I will not bother spending any time explaining Integrated Pest Management from a bureaucratic standpoint, as its quite dry and boring, and frankly doesn’t apply to the home gardener. All you need to know is that IPM is now a requirement by all golf courses, sports fields, orchards, nurseries, farms and greenhouses. The ultimate goal of IPM is simply to reduce the amount of pesticides sprayed. It has resulted in a lot of change in the industry and a LOT of paperwork. If you’d like to read more about the legal aspects of IPM, you can visit this website: http://www.ipmcouncilcanada.org/epar/en-CA/Default.aspx
 

Taking an integrated approach to managing pests in your gardens means utilizing all possible tools in your arsenal in combination with each other to reduce a) the number of pests in your garden b) the amount of damage those pests do to your plants or c) how quickly your plants are able to recover from that damage.
 

A very commonly used illustrative device to demonstrate how a disease or pest becomes a “pest” is called the “disease triangle”. (but can also be called the pest triangle) I have shown a picture below. The pest triangle shows that you need all 3 “sides” of the triangle for a pest to survive. You need 1) a susceptible host 2) a pathogen (or insect pest) 3) the correct environment or conditions for infection or attack. All it takes is eliminating one of these parts and you will eliminate the pest!
http://www.dpi.nsw.gov.au/__data/assets/image/0017/146024/disease-mgt.gif

Well, the least practical “side” to eliminate is going to be the host. Imagine you had an aphid problem on your willow tree and I told you that the best way to deal with it is to get rid of your willow – that wouldn’t be very helpful now would it!? However, this may be helpful if you know you have a Japanese Beetle issue in your area, so you might avoid planting their favourite plants in the first place. But for now, lets assume we’re talking about already established gardens – in which case we’ll assume the host is here to stay.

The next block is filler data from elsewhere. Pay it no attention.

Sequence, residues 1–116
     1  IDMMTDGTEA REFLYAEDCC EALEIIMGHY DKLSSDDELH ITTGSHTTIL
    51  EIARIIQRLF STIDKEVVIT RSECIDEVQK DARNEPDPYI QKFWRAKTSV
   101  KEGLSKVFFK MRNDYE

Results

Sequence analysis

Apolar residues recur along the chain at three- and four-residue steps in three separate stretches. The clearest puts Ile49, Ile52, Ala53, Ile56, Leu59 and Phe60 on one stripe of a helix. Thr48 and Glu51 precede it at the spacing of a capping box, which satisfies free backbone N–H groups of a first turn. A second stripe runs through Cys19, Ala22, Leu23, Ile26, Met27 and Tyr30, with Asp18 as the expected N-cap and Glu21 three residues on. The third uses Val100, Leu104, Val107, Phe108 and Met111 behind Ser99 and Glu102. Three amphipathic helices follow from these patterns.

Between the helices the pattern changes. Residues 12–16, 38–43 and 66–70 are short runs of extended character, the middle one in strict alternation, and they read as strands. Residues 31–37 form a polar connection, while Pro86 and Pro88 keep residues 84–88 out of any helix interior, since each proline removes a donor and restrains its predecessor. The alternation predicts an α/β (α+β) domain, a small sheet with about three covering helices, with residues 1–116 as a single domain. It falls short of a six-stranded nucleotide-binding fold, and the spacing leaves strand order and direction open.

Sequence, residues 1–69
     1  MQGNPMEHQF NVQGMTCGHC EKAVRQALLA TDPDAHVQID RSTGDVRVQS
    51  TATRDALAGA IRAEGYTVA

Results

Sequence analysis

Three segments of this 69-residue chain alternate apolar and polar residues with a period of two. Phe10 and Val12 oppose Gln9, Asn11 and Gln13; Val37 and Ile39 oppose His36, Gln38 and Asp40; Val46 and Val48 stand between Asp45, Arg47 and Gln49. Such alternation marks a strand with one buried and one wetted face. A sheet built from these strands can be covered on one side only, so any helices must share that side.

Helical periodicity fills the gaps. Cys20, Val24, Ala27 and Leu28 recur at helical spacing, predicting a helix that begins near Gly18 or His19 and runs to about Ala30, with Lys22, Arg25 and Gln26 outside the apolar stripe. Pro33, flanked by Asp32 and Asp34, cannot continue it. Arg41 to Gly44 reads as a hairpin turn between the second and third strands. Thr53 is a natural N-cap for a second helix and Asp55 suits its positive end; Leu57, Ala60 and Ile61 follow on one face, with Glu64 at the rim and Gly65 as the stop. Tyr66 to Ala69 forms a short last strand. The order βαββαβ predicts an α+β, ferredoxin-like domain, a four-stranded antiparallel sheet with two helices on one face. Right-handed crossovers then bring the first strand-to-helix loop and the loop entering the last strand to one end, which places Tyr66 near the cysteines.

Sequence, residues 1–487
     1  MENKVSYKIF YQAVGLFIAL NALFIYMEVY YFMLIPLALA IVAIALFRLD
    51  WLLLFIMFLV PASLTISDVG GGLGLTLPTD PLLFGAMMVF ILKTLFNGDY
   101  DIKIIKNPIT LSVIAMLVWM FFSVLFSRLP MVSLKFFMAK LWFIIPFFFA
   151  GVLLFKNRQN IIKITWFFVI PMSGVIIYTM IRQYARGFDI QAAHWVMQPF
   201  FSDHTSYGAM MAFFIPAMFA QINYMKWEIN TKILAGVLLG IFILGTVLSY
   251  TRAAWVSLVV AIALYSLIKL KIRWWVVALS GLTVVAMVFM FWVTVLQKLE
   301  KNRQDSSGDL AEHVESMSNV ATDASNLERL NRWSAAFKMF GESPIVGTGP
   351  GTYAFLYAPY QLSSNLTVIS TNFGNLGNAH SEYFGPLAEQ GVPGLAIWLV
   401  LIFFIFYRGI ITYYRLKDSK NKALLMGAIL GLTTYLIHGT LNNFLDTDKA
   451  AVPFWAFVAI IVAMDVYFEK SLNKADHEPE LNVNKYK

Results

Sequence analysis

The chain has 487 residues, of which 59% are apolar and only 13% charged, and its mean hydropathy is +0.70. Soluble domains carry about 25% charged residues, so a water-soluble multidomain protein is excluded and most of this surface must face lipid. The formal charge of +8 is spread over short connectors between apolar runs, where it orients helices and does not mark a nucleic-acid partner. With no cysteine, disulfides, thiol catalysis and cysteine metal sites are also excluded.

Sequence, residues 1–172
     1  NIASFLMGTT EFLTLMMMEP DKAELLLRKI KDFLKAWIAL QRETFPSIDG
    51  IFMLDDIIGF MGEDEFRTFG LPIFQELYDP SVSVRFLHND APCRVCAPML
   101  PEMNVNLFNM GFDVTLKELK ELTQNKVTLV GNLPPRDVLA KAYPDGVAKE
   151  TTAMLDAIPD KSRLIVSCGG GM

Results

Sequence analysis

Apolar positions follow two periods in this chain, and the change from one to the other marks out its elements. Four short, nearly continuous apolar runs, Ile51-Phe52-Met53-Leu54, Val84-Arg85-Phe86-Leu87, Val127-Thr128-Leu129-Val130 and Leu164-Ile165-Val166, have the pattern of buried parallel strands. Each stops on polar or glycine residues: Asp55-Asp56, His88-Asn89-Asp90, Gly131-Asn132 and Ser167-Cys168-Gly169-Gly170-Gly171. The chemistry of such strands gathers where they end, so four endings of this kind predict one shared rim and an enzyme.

The second hardest to deal with is #2 – eliminating the pest. Eliminating the pest entirely is quite nearly impossible unless you have a completely controlled environment – which an outdoor garden is not! The reality is pests are out there in the form of spores riding the rain drops through your soil, or insects catching the breeze through your trees (did you know this was going to be so poetic?). The trick becomes reducing their numbers in your garden. And this is where side 3 comes in.


Remember how I said all you need to do is get rid of 1 of the 3 sides of the pest triangle? Well, one thing we have some control over is the environment in our gardens! I’m not talking about the temperature, or rainfall, or cloud cover - these things are beyond our control. I’m talking about reducing the environments that are favourable to our garden pests. This could mean repelling them with smells they dislike (such as aphids and garlic), or making it physically difficult for them to grow or spread, such as most fungi on a dry leaf.